Monday, Nov. 9th.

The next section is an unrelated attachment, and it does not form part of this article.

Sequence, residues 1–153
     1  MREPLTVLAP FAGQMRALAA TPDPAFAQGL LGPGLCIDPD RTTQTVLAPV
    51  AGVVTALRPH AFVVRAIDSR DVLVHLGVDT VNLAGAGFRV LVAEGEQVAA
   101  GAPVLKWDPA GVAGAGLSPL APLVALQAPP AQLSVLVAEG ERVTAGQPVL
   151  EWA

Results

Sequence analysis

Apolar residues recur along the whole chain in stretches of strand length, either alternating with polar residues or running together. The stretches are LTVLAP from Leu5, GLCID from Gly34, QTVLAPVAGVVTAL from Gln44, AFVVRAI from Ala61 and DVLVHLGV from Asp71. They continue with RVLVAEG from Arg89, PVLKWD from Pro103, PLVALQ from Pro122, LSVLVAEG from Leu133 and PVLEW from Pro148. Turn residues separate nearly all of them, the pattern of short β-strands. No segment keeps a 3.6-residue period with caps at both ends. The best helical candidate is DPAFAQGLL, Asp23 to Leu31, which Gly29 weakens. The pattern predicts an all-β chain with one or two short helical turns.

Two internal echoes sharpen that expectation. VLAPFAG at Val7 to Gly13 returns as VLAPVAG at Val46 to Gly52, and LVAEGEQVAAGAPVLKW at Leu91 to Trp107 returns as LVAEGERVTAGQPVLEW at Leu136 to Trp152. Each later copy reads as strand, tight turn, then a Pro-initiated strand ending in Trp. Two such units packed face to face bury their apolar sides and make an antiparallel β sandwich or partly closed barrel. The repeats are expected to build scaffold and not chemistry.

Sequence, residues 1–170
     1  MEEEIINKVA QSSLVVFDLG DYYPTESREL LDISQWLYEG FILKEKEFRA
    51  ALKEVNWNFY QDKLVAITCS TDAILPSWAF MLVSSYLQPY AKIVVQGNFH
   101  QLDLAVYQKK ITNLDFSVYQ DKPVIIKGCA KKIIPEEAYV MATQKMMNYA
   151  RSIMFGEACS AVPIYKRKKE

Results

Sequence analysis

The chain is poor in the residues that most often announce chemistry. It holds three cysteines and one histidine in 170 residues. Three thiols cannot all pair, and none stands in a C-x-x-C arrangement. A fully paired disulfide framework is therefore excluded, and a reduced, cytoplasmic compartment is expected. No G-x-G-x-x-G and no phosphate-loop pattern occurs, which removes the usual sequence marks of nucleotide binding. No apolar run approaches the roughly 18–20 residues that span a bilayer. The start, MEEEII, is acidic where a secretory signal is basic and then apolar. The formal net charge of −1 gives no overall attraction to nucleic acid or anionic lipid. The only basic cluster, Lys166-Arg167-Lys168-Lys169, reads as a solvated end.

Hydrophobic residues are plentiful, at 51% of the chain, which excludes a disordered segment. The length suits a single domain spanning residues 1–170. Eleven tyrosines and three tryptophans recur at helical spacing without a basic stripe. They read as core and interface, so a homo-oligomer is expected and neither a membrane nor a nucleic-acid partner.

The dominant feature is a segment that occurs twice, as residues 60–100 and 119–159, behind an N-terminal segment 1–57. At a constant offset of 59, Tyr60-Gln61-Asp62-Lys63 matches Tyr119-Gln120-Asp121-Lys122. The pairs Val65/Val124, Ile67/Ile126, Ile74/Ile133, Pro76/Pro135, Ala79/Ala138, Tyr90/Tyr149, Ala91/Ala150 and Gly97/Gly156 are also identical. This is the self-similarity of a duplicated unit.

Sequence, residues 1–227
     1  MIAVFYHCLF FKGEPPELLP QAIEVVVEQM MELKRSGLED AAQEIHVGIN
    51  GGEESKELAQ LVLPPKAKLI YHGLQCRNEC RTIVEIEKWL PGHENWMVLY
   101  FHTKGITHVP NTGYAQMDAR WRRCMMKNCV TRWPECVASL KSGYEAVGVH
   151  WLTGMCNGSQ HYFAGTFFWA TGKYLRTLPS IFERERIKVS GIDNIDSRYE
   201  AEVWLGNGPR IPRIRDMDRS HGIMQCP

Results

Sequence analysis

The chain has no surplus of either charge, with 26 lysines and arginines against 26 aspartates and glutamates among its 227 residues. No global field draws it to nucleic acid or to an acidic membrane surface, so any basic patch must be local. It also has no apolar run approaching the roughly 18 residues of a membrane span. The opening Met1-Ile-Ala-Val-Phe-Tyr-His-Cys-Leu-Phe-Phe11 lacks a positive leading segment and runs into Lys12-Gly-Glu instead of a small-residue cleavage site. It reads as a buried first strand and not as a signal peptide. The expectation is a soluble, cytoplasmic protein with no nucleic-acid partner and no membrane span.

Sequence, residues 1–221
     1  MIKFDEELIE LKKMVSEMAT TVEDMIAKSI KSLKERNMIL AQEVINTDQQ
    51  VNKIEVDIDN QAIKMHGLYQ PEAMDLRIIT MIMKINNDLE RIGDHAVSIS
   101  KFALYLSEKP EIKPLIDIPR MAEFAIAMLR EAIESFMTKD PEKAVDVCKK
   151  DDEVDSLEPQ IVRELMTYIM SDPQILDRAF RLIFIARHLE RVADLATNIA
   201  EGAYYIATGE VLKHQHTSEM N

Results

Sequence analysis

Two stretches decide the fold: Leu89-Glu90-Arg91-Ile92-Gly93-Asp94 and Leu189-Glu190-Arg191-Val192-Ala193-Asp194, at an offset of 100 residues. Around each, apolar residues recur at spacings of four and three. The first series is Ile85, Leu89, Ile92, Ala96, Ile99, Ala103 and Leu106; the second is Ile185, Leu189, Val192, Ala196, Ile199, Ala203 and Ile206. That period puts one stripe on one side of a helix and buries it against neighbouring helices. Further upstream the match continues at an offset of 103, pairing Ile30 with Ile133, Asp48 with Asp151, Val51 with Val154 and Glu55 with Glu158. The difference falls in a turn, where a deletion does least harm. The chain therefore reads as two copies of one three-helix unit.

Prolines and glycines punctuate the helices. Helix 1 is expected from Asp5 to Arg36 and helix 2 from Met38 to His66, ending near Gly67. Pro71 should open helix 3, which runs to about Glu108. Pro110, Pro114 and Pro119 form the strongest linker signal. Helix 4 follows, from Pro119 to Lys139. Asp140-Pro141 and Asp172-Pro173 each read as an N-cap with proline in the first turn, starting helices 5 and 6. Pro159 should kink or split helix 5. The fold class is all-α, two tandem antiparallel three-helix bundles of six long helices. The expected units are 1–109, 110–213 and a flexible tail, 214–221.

I arose very early this morning, about half past four o’clock, was very sleepy at first and shuddered to leave the warm bed, but I felt glad of it afterwards, I had finished bathing, and was dressed in my warm wrapper and had a quiet hour to myself when Father called me to look at the moon, the whole place was asleep, and overhead the stars shone bright in the solemn morning heaven, the moon, a silver thread, shone in the eastern horizon and high above glowed Venus so brilliant yet mild in her beauty, she was the fairest gem in the heavens, but my heart gave a bound of joyous recognition as I walked into an open space between the trees and saw glorious old Orion just before me, what a beautiful constellation it is and being the first one I learned, it seems like a familiar friend, there too were all the well known winter constellations, Sirius and Procyon and the pretty little triangle in Argo Novis were near Orion in the south, the sickle or Leo glittered nearly on the meridian, Capella in the west and the twins, and below them the Pleiades and Aldebaran. while in the north Casseiopeia was setting and the brilliant pointers showed the polestar, hundreds of smaller stars were sowed over the heavens, but Venus was the queen of them all, she glowed and brightened to the eye not like a star but resembling the moon in it’s mild radiance. I came in for a few minutes, and than went out to watch the stars pale one by one and disappear till only Sirius glimmered with scarcely distinguishable light, and Venus grew faint above the moon which seemed to dissolve in the rosy, golden glow of the advancing dawn. I thought of the lines, “Friend after friend departs” . . . . “Thus star by star declines, till all are past away, As morning higher and higher shines, To pure and perfect day.” Who can thus watch the fading stars without such thoughts, the sadness and gloom faints before the triumphant brightness of the glorious King of day, then the heart rejoices in the remembrance of the Sun or Righteousness which here we see only darkly, but hereafter shall rise in dazzling brilliancy. The winter sun rises late, and I waited only to see the pyramidal glow diffuse itself over the whole heavens, and to find myself growing cold and weary of my position. I returned to the house with my heart full of the freshness of the morning, and strengthened for the day before me, when I again left my room for breakfast the red disc of the sun was just appearing behind the trees and I watched it until my eyes were so dazzled I could hardly see to read Thompson’s dawning and sunrise, a scene so true and so beautiful.